Volcanic activity worldwide 14 Nov 2013: Sakurajima, Klyuchevskoy, Popocatépetl, Reventador, Sinabu...
Thursday Nov 14, 2013 14:02 PM |
Current tremor signal (ESLN station, INGV Catania)
Tremor amplitude (EFTI station), cut off in the morning of 11 Nov when the station was covered by lava
Giant steam ring (ring vortex) rising from Klyuchevskoy this morning
Vulcanian explosion from Sakurajima this morning with lightning in the ash plume
Explosion and small pyroclastic flow from Reventador on 2 Nov 2013
MODIS / Terra satellite image 11 Nov showing the gas plume and discolored water plume
Etna (Sicily, Italy): Activity at the New SE crater has decreased during the night, but probably weak strombolian explosions still occur from time to time. At the moment, weather is very bad and visible observations difficult. The tremor decreased as well, but has gained again and continues to show an overall increasing trend, similar to the days before the 10-11 Nov paroxysm.
MODIS hot spot data (past 7 days) for Heard volcano (ModVolc, Univ. Hawaii)
The last recorded signal from the Torre del Filosofo seismic station (ETFI), showing the tremor intensity at unprecedented levels. If the eruption size is more or less proportional to the integral of the tremor amplitude, this illustrates the size of the paroxysm:
Klyuchevskoy (Kamchatka): The volcano remains active. It produces a variable but often intense steam plume with possibly some ash. On webcam images, there are sporadic small explosions visible, suggesting that weak strombolian activity continues at the summit. A large steam ring was produced this morning (see image / video) - similar to what we have observed at Etna last Monday.
Aso (Kyushu): The Japan Meteorological Agency reported in its latest activity summary (for September 2013) a seismic crisis that started on 23 September evening. An survey of SO2 emissions 2 days later showed an increase of gas release as well, suggesting a magmatic intrusion was taking place. No eruption has taken place since then.
Japanese volcanologists immediately raised the alert level from 1 to 2, as there is a possibility of sudden explosions that could throw blocks to distances of perhaps as far as 1 km. The new alert level means that the active Nakadake 1 crater is currently closed for access.
In late September seismicity remained high, but with a declining trend. No other information was given in the report.
Sakurajima (Kyushu, Japan): The volcano has picked up activity again. Over the past days, the Showa crater has been producing near-constant ash emissions and several vulcanian explosions with ash plumes rising up to 14,000 ft (4.2 km) altitude.
Bagana (Bougainville Island, Papua New Guinea): Explosions continue. An ash plume was spotted this morning at 9,000 ft (2,7 km) altitude extending 60 nautical miles to the west.
Sinabung (Sumatra, Indonesia): Eruptions seem to increase. Over the past days, ash explosions have occurred at rates of 1-2 per day. Ash plumes rose to 10,000-12,000 ft (3-3.6 km) altitude. At least one pyroclastic flow occurred on 11 Nov, reaching about 1 km length.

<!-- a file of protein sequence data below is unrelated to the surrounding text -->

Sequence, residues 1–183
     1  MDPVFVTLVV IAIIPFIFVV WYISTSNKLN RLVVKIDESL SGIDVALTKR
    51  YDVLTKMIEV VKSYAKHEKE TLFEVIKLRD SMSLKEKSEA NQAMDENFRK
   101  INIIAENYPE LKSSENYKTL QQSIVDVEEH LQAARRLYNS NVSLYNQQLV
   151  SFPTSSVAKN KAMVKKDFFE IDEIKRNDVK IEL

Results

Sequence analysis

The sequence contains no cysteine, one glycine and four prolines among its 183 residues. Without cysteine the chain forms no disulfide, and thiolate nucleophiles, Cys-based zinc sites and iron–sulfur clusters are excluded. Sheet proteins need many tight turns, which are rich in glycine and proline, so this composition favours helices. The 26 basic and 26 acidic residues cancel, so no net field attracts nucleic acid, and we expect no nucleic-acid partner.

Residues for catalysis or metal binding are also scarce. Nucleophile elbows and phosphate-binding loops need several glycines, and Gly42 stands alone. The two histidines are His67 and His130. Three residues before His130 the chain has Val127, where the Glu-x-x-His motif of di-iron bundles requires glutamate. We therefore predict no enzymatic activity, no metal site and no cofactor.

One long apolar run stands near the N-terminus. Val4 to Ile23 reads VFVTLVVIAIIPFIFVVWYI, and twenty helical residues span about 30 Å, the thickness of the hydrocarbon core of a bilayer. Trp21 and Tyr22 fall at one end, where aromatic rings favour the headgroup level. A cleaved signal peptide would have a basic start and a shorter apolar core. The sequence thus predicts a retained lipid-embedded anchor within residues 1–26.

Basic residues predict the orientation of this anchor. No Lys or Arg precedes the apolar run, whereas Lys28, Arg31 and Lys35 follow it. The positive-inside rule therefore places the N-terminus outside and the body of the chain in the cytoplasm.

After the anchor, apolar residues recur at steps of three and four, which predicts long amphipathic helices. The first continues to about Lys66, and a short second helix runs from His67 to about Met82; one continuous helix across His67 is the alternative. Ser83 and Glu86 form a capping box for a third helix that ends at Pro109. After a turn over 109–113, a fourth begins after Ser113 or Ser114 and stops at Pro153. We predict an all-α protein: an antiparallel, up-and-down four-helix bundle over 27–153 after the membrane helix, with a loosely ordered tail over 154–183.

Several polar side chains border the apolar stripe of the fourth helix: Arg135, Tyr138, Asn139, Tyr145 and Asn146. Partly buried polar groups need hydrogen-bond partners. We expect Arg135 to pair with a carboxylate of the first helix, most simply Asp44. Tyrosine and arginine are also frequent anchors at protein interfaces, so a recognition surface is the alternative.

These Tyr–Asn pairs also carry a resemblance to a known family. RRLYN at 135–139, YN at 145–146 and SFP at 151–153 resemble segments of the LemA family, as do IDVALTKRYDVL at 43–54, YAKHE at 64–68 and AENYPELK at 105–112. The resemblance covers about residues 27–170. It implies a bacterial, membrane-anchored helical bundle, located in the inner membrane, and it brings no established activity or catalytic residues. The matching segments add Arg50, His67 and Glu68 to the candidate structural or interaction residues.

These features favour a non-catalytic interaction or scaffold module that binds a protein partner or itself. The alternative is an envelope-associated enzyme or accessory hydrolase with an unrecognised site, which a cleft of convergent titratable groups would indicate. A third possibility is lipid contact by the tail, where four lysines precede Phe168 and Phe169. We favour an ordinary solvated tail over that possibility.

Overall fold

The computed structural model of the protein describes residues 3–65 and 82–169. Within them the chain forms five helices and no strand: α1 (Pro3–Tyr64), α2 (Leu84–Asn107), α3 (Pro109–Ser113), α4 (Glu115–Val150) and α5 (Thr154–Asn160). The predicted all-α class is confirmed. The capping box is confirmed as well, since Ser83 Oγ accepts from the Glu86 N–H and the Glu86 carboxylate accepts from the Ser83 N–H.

Several 1000 people have been evacuated from nearby villages at the foot of the volcano and a (dangerously small) 3 km exclusion zone around the volcano is in place.
Popocatépetl (Central Mexico): Activity has remained stable at low levels. CENAPRED reported 61 weak emissions of mostly steam, gas and only occasionally minor amounts of ash during the 24 hour observation interval between 12-13 Nov.
Reventador (Ecuador): The activity consisting of sporadic small to moderate explosions continues but has decreased after 2 November. On that day, a small pyroclastic flow descended on the west flank of the active cone, reaching a length of 300-400 m. Explosions produced plumes of up to about 2 km height and light ash fall occurred in San Rafael village located 8 km east of the volcano.
The following webcam time-lapse show the activity during 2-3 Nov when the weather was unusually clear. There are small explosions and a small tornado next to the cone caused by turbulence between ambient and rising hot air.
Jebel Zubair (Red Sea): Signs of weak continuing or renewed activity could be spotted again on recent satellite data after few weeks with no evidence of activity.
The attached MODIS / Terra satellite image from 11 Nov shows a gas plume drifting NE from the new island as well as a discolored water plume extending south. The discolored sea water is likely caused by dissolved volcanic gasses (H2S in particular).
The absence of steam suggests that there is no lava entering the sea and no submarine effusive activity.
Heard (Australia, Southern Indian Ocean): A thermal hot spot was visible on satellite data from 9 Nov, suggesting that some activity continues or has resumed at the remote volcano.
Wednesday, Nov 13, 2013
Tuesday, Nov 12, 2013
Monday, Nov 11, 2013
Etna (Sicily, Italy): The awaited new paroxysm of Etna's NEW SE crater started last night and is still in full progress. Unfortunately, a snow storm above the summit area prevents detailed observations, but judging from the seismic signal, this eruption is unusually long and intense (and still growing at the time of updating). Ash fall has been reported from villages to the E/NE (Zafferana, Milo etc), where the plume is carried to by strong Libeccio winds. ... [more]
Sunday, Nov 10, 2013